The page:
When Marian Banner moves to the glittering city of Nottingham with her father, Sir Erik the Fortunate, her entire life changes. She is no longer allowed to run about the countryside in leggings and braids, climbing fences and shooting turkeys, but is thrust into a life of dresses and jewels and dancing lessons, none of which Marian is particularly pleased about. Her dark mood changes when she meets a tiny whip of a girl called Robin Hood. Robin is fierce and brave and wants more than anything to become a knight, regardless of her gender. Together they explore the city, becoming fast friends along the way.

As time passes, their friendship changes into something bigger and scarier and far more wonderful. But then Marian’s father is killed in service to the king, and she catches the king’s eye.

Can Robin save her once more? Or will Marian discover how to save herself?

Why I'm Interested: 

(1) ROBIN HOOD f/f … Yes, I am a huge fan of the gender swapped historical fantasy. Really excited to see what elements of the folktale will change and what will stay the same. 

(2) Damsels learning to save themselves. I've been promised it by the synopsis. 

 

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November 7 2016

Triton YA / Riptide Publishing

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Synopsis:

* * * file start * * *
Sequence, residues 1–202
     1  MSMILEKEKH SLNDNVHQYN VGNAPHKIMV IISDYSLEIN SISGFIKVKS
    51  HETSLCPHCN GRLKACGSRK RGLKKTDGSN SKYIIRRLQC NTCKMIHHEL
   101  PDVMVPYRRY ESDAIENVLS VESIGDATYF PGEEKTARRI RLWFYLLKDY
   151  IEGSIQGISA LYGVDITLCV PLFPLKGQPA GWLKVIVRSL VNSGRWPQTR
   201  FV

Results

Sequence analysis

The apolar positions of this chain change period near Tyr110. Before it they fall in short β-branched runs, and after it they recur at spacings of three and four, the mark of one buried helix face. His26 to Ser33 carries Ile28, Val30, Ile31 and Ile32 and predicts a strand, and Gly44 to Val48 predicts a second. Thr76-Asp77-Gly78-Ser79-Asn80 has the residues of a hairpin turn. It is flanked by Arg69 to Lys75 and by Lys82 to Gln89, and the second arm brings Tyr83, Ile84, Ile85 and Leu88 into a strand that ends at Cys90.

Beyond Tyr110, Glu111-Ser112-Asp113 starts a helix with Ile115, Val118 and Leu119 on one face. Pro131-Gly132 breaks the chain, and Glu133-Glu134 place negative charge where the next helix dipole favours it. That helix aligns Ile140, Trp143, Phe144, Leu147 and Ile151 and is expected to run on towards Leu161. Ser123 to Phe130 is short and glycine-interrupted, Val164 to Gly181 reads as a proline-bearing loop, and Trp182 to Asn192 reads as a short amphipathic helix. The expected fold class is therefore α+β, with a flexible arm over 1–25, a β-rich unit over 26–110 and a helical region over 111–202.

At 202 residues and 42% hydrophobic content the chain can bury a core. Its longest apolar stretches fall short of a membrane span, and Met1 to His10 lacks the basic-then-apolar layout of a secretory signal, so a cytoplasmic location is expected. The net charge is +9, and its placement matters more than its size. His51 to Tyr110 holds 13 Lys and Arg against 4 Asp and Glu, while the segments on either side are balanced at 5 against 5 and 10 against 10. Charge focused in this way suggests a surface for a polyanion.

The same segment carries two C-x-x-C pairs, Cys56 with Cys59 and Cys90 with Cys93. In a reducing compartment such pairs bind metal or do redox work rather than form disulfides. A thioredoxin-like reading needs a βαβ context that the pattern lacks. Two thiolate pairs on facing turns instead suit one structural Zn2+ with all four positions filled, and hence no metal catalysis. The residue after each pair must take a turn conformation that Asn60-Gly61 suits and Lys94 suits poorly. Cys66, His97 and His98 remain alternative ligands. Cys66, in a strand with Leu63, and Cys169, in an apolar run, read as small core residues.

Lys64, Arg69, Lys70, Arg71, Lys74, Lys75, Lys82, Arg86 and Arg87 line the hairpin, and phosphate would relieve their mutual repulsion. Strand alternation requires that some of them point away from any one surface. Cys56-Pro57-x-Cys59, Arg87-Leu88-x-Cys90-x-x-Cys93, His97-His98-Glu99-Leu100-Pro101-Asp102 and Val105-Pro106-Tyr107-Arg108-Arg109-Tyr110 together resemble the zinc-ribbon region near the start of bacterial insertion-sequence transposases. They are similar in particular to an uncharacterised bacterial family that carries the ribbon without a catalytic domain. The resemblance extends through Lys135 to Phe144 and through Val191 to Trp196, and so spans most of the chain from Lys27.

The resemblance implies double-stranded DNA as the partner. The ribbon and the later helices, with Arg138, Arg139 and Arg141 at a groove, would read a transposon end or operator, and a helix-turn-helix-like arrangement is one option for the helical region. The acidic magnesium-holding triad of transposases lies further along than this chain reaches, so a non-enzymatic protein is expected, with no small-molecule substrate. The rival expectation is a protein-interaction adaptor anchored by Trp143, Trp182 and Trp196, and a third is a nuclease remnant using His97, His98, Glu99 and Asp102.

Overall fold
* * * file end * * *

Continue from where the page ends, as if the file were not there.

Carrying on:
Last year, Javier Medina was your average socially awkward gay high schooler with a chip on his shoulder. This year, he's . . . well, pretty much the same, but with bonus superpowers, a costume with an ab window to show off his new goods, and a secret identity as the high-flying, wise-cracking superhero Blue Spark.

But being a Junior Hero means that Javier gets all the responsibility and none of the cool gadgets. It's hard enough working for the Legion of Liberty and fighting against the evil Organization, all while trying to keep on top of schoolwork and suspicious parents. Add in a hunky boyfriend who's way out of Javier's league, and an even hunkier villain who keeps appearing every time said boyfriend mysteriously disappears, and Blue Spark is in for one big dollop of teenage angst. All while engaging in some epic superhero action and, oh yeah, an all-out battle to protect Liberty City from the forces of evil.

Why I'm Interested: 

(1)  I’ve really been on a super hero kick recently. I loved Not Your Sidekick by CB Lee, a queer girl super-hero novel that came out earlier this month. Here’s the queer boy answering book.  And I’ve readily watched and loved every single of one of the Netflix/Marvel superhuman series. I love them.

(2) ENEMIES TO LOVERS. I am here for that trope. Every damn time.

 

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November 1st 2016

Skypony Press